So essentially, in 1907, they launched the Autochrome Lumière to great success. It was affordable (Not compared to B/W photography though!), it was simple, and it was user friendly. Pop in a plate, expose, color photography! Quite simple, really. However, Gorsky, used the three-color method to great success. He achieved unprecedented results and a stunning quality compared to his colleagues, mostly due to something called ‘digichromatography’. Gorsky’s camera is also unknown as he likely designed it himself, but a fun fact is he might’ve drawn inspiration from Adolf Miethe who he met while traveling through Germany, Miethe having had his camera designed by a cabinet maker while in Berlin.
In the later years, more pioneers entered the field. People with inventions that were brilliant, but not commercially viable, and inventions that were quite funky, but, well, ingenious. All in all, a quick wrap is easy.
Here’s a video covering this subject quite nicely, from the annals of the craft to the modern 20th century:
Flamethrowers had two fuel lines. The line he is lighting is cigarette with is sort of like a pilot line. It is a smaller fuel line that stays lit and can produce a bit of a larger flame when its trigger is pressed. The second line is for the big fire. This contains a thicker gelatinous type of fuel. So the flamer will pull the first trigger making the pilot flame larger, then pulls the second trigger emitting the thicker fuel which gets lit by the pilot flame raining hellfire upon anyone in its path. So technically its not really a blowtorch, but just a little pilot flame.
A computer programming classroom in the Soviet Union; a poster on the wall reads ‘Train BASIC Everyday!’; ca. 1985
The Soviets had a very diverse and powerful set of computational hardware and languages, and having developed in relative isolation from the rest of the world (*They had to wait for it to be released, reverse engineer it, and then attempt to reproduce it), they’ve built some pretty unique stuff.
There are websites out there dedicated to documenting this fascinating subject.
The loss of Franklin and his men was a huge mystery, how could so many men and two state of the art ships just disappear? Search parties scoured the arctic (and in the process charted most of the up til then unexplored regions of the arctic archipeligo, and McClure even technically made it through the passage in his “search” for Franklin) for more than a decade before any real traces of the expedition turned up. Many other expeditions suffered and lost men in the same era of arctic exploration, but none disappeared completely! To this day, there’s a lot we don’t know about how such a well equipped and large expedition could fail so completely and quickly.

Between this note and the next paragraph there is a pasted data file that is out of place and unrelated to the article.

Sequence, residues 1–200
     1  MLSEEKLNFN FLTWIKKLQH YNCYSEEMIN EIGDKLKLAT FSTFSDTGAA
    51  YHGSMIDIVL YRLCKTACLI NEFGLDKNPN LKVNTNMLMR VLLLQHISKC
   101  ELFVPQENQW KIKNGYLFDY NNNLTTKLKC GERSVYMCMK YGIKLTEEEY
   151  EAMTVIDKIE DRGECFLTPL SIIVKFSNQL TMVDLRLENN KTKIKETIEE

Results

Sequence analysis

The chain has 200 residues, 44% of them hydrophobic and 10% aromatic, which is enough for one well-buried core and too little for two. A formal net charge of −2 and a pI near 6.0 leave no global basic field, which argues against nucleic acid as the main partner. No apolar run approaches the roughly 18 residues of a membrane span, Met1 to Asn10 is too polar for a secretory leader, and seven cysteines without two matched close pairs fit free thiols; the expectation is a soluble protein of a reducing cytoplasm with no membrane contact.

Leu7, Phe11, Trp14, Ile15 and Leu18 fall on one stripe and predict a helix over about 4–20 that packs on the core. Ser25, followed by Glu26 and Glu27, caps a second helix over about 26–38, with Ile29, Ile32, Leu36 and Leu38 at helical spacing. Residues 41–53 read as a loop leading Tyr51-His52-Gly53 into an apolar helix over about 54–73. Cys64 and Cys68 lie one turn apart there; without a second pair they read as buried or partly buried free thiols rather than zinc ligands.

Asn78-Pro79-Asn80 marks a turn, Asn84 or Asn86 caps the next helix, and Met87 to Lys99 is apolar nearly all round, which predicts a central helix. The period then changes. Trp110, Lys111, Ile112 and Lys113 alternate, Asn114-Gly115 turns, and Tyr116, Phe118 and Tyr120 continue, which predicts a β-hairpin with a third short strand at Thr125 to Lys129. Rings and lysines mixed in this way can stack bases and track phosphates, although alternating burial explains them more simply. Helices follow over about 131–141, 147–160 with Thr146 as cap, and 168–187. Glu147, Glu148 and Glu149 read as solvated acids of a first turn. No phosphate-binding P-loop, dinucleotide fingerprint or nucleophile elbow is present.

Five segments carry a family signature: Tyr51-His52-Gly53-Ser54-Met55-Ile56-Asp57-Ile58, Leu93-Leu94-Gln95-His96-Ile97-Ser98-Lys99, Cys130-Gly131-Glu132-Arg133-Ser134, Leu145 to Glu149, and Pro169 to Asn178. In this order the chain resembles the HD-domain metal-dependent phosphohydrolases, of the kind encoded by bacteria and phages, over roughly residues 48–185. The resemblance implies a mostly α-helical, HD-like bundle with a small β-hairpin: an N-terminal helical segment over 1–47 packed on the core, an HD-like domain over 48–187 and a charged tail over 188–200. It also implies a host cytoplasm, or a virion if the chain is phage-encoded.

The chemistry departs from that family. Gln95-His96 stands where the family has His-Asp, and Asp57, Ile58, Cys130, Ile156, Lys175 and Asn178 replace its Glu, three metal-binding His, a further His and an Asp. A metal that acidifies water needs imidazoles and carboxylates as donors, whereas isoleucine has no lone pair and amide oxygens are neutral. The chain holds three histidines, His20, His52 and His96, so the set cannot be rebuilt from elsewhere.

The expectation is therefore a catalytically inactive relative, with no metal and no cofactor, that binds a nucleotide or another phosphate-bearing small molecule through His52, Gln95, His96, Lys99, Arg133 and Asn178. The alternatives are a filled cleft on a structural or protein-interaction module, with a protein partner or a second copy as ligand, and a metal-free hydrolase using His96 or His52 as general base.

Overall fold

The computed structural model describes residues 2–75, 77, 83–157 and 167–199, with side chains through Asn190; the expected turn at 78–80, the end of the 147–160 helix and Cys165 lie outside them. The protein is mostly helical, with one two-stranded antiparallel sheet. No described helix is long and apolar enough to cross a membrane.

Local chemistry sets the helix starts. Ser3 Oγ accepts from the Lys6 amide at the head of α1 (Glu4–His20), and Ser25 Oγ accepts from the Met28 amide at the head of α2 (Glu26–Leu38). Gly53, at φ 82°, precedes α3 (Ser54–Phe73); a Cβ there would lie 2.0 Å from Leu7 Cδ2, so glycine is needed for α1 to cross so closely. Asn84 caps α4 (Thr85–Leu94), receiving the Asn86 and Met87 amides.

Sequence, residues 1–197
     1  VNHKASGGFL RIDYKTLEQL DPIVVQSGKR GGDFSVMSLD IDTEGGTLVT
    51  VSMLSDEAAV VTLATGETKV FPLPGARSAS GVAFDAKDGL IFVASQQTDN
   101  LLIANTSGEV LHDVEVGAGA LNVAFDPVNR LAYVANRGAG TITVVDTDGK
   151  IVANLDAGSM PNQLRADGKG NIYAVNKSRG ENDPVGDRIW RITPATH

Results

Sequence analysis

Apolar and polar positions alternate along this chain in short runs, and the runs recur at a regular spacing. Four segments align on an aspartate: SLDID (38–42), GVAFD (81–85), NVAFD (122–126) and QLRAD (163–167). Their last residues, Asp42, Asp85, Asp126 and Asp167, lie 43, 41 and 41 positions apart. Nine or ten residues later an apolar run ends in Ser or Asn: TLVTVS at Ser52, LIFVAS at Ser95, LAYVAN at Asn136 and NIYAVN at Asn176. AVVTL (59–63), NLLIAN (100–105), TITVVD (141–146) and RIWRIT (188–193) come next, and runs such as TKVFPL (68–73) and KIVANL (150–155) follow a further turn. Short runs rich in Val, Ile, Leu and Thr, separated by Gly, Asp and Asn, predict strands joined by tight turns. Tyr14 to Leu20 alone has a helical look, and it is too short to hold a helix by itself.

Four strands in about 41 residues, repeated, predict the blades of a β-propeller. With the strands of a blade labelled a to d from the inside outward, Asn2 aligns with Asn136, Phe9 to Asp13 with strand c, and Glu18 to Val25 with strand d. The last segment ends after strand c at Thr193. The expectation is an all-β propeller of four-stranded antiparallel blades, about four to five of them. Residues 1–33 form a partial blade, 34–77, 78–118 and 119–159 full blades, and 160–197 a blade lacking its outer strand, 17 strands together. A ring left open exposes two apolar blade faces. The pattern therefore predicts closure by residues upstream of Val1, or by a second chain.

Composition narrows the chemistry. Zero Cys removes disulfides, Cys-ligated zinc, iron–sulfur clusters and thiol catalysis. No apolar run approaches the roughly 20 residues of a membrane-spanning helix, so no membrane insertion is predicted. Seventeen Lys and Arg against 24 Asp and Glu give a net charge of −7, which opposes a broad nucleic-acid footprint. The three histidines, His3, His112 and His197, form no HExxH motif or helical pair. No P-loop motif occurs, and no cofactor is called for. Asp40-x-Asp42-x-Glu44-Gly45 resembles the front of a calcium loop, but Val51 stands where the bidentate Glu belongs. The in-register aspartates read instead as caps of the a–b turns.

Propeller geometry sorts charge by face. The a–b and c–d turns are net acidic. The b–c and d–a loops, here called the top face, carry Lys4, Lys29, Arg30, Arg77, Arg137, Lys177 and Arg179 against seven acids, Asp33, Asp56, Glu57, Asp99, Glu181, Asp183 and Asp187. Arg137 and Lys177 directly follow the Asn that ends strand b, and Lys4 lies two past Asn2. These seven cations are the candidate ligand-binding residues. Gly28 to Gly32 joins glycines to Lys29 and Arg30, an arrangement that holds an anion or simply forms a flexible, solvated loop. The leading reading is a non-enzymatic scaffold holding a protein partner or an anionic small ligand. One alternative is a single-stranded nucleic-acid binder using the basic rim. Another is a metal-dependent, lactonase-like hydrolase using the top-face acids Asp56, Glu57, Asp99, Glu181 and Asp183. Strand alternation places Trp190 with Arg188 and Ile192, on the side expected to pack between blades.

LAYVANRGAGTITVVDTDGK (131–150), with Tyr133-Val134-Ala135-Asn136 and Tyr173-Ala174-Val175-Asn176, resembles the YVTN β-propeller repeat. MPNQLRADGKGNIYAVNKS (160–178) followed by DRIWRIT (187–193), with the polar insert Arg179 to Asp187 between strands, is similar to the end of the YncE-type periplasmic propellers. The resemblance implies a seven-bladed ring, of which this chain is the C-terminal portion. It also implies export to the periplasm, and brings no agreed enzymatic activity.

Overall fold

Here’s what we’ve found and what we know at this point: The ships spent their first winter at Beechey Island, and all seemed well. The next summer, they travelled south, and were frozen in near King William Island that Fall. They wintered here, and the next summer the ice failed to melt, trapping them for a second winter on King William Island. This alone is not out of the ordinary for arctic expeditions, many ships were frozen in for several years without a great loss of life.
In the summer between the first and second winters at King William Island, in 1847, the crew leave a note in a cairn on King William Island saying “all is well”. After the second winter stuck in the ice, the note is dug up and in the margins someone writes that 24 men have died, including Franklin, and that the crew is abandoning their ships and marching south towards the mainland of North America. It’s important to point out this second note contained several errors, but we’ll get to that.
The crew’s march is a death march, the local eskimo later report seeing dozens of white men dying in their tracks. Some men may have made it all the way to the mainland, but none survive. By the early 1850s it’s likely that all or almost all of the expedition is dead.